Bradbury has written hundreds of short stories and dozens of books, so it is not surprising that some of his ideas turn up elsewhere. Sometimes it will be plagiarism, as in the case of Playhouse 90's "A Sound of Different Drummers", which stole from Bradbury's Fahrenheit 451. Other times it will be playful homage, such as The Simpsons' passing reference to "A Sound of Thunder" in Time and Punishment.
Here is another case where there is an uncanny resemblance to pre-existing Bradbury material:
21 Jump Street - "Woolly Bullies"
This 80s/90s series, co-created by Stephen J. Cannell, has an episode about bullying. One character recalls his childhood torment at the hand of a bully. Now grown up, in order to put his demons to rest he decides to seek out his former tormentor... and is both surprised and satisfied to discover that the former bully is now a worthless, powerless, low-life. The Bradbury connection? A short story called "The Utterly Perfect Murder" (1971), which has an almost identical denouement.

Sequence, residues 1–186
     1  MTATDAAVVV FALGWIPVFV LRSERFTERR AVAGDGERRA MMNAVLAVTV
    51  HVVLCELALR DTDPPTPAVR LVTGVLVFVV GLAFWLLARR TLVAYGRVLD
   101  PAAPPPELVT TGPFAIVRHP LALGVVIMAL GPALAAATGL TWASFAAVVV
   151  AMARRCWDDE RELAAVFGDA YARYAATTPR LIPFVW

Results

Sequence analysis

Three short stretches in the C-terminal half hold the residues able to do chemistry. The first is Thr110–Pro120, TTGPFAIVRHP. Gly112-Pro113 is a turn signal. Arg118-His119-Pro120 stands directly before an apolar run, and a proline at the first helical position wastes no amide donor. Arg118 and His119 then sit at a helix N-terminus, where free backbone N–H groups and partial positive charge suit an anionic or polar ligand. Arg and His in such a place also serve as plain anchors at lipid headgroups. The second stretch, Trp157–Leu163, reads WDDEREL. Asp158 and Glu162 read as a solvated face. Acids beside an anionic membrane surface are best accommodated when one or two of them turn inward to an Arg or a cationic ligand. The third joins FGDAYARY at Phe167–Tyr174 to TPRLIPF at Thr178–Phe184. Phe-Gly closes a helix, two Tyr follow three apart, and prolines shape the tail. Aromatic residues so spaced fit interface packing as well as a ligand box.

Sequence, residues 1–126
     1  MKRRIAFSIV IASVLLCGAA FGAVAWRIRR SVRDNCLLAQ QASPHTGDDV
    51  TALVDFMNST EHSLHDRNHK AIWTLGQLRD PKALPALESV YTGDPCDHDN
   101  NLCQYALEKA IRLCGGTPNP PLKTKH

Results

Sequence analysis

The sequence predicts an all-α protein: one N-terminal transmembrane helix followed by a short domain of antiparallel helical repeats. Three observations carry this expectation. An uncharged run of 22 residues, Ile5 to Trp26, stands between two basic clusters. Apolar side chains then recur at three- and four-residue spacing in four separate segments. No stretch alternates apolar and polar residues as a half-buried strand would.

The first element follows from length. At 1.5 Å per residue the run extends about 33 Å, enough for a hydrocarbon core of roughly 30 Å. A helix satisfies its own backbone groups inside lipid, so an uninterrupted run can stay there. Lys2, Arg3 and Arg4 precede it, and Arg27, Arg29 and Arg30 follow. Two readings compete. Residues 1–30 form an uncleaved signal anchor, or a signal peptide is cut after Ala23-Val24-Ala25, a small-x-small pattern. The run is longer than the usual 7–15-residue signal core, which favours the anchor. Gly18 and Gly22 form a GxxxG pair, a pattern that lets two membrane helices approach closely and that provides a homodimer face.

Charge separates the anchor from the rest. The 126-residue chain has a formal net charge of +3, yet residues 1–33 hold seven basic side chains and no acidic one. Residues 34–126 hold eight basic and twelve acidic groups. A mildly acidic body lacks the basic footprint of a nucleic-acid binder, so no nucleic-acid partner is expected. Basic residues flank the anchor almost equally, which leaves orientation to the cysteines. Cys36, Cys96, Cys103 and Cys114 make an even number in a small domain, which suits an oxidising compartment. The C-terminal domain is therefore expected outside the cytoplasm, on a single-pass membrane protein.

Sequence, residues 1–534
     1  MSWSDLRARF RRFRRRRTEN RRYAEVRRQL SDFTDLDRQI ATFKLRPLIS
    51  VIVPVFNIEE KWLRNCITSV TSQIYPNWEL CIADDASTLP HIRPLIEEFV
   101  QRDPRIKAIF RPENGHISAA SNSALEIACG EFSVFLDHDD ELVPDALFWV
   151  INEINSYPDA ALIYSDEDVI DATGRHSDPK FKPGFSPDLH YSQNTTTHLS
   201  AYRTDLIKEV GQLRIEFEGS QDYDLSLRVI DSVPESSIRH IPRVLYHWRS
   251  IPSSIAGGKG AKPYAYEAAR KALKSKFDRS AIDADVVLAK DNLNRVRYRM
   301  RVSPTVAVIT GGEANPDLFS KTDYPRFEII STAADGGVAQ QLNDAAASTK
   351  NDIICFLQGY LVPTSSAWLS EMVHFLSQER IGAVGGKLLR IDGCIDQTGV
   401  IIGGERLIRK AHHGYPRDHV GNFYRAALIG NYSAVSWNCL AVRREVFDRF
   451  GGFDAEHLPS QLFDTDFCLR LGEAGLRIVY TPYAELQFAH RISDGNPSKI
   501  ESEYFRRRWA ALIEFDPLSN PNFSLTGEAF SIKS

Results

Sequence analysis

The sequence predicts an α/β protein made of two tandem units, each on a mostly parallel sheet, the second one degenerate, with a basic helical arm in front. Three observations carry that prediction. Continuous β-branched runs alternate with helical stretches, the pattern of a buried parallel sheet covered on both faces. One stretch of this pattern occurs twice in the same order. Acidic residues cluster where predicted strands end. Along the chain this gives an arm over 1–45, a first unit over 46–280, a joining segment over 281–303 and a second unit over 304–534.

The entire 21 Jump Street episode is on YouTube. The scenes most closely reflecting Bradbury's story start around 38 minutes in.
Also on YouTube is Bradbury's own dramatisation of "The Utterly Perfect Murder", from Ray Bradbury Theatre. The dramatisation differs from the original short story in some respects, but the meeting with the former bully is played pretty much as in the original short. Here's the section containing the adult meeting with the former bully:
Of course, Bradbury's story has that whole "here comes a murder" idea, so it differs from the Jump Street episode - but both stories hang upon that moment of discovery of the pitiful thing that the once powerful bully has become.
Is this plagiarism? Accidental borrowing? Homage?
My thanks to Cori for first alerting me to "Woolly Bullies".